The Fine Line of In-house Privilege

Some good news for in-house lawyers – you can wear several hats in your business (and have some skin in the game), and still be sufficiently independent to attract legal professional privilege.

But as Leneen Ford at Norton Gledhill notes, there are still a few steps you should take to avoid losing confidentiality of documents or communications.

Here’s her take on Associate Justice Daly’s view of the issue more broadly:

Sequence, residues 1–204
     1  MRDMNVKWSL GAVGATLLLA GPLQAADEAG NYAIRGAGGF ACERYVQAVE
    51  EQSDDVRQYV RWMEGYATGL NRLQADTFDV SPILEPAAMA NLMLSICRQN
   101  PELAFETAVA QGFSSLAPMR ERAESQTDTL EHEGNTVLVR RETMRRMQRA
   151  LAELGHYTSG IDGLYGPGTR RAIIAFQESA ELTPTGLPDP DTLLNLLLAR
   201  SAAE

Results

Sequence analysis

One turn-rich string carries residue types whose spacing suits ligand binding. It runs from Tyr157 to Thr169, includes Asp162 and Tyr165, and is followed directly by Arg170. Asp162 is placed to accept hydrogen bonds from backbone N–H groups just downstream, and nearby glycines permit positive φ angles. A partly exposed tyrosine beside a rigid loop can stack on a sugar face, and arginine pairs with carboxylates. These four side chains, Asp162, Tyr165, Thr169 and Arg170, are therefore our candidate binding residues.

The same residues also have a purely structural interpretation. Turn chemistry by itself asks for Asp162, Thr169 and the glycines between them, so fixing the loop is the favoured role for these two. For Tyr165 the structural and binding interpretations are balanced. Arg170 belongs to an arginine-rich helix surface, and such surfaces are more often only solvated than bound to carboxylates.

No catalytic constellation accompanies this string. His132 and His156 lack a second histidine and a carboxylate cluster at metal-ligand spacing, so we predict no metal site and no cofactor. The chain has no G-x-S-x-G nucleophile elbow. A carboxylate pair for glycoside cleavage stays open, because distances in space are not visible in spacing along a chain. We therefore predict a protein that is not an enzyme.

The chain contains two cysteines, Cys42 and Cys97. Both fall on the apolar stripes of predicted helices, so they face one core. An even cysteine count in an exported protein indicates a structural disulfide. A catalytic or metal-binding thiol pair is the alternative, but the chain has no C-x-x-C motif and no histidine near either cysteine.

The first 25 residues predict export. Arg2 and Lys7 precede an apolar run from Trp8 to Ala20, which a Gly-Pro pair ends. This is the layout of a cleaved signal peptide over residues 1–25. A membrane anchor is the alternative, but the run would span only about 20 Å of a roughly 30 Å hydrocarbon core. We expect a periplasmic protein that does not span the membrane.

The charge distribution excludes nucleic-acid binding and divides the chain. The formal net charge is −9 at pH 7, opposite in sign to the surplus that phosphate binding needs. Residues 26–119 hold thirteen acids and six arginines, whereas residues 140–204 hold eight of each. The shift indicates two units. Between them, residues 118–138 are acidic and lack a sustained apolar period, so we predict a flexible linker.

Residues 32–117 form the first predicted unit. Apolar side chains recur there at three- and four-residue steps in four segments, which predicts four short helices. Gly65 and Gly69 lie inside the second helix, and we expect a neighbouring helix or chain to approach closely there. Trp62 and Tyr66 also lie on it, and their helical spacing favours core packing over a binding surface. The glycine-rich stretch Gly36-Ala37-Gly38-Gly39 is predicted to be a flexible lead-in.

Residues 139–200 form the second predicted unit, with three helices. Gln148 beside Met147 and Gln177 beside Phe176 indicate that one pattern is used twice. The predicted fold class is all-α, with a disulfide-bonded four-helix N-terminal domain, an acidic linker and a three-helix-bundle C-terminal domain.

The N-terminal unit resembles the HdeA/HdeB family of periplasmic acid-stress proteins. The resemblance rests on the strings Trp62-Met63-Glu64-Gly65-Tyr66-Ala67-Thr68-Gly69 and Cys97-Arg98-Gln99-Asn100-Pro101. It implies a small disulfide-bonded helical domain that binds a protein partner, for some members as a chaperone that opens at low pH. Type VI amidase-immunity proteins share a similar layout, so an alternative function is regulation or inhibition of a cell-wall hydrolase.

“at one end of the spectrum are lawyers who report to the general counsel in an autonomous legal department, whose contracts refer to the lawyers’ independence and who act without any regard to the business operations of the company. At the other end are in-house lawyers who also act as key decision-makers within the business. In many cases, in-house lawyers will fall somewhere between the two.”